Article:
|President of Association for Relations Across the Taiwan Strait|
16 December 1991 – 24 December 2005
|Succeeded by||Vacant, Chen Yunlin (2008)|
|Mayor of Shanghai|
April 1981 – July 1985
|Preceded by||Peng Chong|
|Succeeded by||Jiang Zemin|
27 March 1915|
Jiashan County, Anhui, Qing Dynasty
24 December 2005
Shanghai, People's Republic of China
|Nationality||People's Republic of China|
Wang Daohan (Chinese: 汪道涵; pinyin: Wāng Dàohán), (27 March 1915 – 24 December 2005) was the former president of the Association for Relations Across the Taiwan Straits (ARATS).
Wang was born in Jiashan County (present day Mingguang City) in China's Anhui province in 1915 and joined the Communist Party of China in 1938. During his early career within the government of the People's Republic of China, he focused on trade and investment issues. In 1965 he was the deputy minister of the State Commission for Foreign Economic Relations with Foreign Countries and in 1979 he was appointed vice-chair of the State Foreign Investment Commission and vice-chair of the State Import-Export Commission. Later Wang came to greater prominence when, after a year as vice-mayor, he was appointed mayor of Shanghai in 1981. As mayor, Wang contributed to the success of Deng Xiaoping's economic reforms by actively encouraging foreign investment and joint ventures. When he retired in 1985, Wang convinced the party authorities to name his protégé Jiang Zemin as his successor.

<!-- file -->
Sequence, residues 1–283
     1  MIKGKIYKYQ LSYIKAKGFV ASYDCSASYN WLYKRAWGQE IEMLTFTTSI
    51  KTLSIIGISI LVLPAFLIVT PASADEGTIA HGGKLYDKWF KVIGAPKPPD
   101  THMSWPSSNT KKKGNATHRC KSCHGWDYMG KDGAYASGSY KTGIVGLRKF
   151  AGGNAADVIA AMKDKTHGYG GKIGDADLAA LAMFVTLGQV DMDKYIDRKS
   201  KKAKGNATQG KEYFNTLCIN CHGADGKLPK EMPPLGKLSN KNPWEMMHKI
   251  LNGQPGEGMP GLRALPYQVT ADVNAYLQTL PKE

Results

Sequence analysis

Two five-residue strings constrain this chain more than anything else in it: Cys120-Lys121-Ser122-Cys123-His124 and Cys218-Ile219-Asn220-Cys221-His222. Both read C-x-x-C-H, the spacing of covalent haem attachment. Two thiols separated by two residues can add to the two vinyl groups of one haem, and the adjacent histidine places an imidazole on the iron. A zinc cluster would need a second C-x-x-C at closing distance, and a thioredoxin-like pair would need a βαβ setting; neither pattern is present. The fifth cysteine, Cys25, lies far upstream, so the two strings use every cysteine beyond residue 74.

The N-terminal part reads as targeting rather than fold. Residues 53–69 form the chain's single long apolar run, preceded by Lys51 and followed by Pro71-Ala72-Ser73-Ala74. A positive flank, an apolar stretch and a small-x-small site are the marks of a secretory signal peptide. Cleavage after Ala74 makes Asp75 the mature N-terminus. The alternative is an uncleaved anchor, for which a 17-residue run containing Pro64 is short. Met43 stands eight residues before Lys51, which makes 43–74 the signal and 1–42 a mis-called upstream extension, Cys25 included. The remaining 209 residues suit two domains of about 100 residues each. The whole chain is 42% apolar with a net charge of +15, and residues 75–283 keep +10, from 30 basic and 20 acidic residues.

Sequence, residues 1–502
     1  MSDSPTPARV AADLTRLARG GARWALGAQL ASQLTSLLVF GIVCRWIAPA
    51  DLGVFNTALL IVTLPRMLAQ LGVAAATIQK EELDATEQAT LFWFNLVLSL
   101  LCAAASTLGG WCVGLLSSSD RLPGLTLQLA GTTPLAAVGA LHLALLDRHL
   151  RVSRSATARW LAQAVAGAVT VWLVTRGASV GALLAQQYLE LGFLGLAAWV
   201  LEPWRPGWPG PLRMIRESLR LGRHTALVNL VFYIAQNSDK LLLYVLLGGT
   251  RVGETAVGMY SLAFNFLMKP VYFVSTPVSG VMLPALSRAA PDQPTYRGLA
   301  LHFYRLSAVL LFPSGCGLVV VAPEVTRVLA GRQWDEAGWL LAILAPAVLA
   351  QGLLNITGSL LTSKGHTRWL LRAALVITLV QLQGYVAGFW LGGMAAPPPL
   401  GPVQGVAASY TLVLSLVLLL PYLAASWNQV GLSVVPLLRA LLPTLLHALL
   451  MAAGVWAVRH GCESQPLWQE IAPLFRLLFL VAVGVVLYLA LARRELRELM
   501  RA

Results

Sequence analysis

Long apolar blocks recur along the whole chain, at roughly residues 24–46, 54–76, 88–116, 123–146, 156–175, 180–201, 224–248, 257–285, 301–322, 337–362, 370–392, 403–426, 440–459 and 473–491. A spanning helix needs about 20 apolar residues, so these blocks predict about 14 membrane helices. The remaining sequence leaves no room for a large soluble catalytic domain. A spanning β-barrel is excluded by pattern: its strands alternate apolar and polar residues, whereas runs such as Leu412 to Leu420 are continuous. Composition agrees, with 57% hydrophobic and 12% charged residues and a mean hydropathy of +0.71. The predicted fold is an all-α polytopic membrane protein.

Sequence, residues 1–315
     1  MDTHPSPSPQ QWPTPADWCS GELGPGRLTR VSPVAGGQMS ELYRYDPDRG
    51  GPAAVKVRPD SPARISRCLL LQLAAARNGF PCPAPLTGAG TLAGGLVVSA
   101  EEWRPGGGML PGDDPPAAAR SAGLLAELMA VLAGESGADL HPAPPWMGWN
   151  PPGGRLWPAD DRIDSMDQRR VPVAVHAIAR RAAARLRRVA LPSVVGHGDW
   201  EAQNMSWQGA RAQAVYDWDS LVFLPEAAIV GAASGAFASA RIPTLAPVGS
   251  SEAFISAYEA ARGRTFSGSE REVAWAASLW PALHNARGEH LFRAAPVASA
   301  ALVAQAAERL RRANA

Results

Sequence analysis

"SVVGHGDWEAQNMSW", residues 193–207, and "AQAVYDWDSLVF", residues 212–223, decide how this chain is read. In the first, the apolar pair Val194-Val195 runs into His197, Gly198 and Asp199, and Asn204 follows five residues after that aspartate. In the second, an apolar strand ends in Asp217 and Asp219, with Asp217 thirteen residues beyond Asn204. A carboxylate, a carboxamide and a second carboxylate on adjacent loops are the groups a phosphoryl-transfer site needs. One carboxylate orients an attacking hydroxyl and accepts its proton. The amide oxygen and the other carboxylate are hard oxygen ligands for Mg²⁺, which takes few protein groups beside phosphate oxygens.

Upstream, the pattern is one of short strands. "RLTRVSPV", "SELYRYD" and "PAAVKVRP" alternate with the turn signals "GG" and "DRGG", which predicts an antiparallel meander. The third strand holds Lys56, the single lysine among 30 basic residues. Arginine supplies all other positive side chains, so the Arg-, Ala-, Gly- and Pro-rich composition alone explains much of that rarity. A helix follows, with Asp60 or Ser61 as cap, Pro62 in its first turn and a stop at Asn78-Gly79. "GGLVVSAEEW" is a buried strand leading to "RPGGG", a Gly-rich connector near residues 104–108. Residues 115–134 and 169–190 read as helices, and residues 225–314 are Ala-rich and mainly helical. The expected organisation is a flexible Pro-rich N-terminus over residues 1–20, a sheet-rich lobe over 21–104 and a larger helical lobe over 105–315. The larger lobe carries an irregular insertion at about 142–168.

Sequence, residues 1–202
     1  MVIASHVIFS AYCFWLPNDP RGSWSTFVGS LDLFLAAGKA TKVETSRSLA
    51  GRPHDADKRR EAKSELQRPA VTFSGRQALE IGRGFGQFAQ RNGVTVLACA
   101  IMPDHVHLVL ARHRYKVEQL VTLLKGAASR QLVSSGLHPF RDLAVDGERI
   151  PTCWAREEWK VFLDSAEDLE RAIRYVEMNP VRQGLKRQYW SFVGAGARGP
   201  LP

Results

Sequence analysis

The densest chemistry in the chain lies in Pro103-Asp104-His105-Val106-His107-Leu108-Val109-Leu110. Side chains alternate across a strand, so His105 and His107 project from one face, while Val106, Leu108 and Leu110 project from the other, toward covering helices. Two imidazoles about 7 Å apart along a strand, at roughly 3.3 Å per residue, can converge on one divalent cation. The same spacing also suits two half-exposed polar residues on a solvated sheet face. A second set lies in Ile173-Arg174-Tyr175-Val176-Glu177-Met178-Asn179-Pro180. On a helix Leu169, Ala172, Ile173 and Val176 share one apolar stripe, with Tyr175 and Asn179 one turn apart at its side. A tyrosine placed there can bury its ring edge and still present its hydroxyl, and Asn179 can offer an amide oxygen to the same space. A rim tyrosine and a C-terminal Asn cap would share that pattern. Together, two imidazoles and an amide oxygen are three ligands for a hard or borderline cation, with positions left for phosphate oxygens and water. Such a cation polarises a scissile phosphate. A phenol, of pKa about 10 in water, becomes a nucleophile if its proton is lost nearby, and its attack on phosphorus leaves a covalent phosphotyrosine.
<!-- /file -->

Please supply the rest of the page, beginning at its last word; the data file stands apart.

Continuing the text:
On 16 December 1991 Wang was named the president of Taiwan-based Straits Exchange Foundation (SEF). The following year Wang and SEF chairman Koo Chen-fu held preliminary talks in Hong Kong which resulted in the so-called "1992 Consensus" and facilitated negotiations of practical matters. However, the content and the very existence of this "1992 Consensus" is still widely disputed. In April 1993, Koo and Wang met in Singapore to hold the Wang-Koo summit. A second round of talks followed in 1998, in Shanghai, but no further talks have taken place since. Beijing called off talks in 1999, after Republic of China President Lee Teng-hui proposed his two-states theory. Wang died in Shanghai on the morning of 24 December 2005.
- "Economic Policy after the 16th Party Congress"
- Same Bed, Different Dreams
- AsiaWeek "Who's Who"
Mayor of Shanghai
President of Association for Relations Across the Taiwan Straits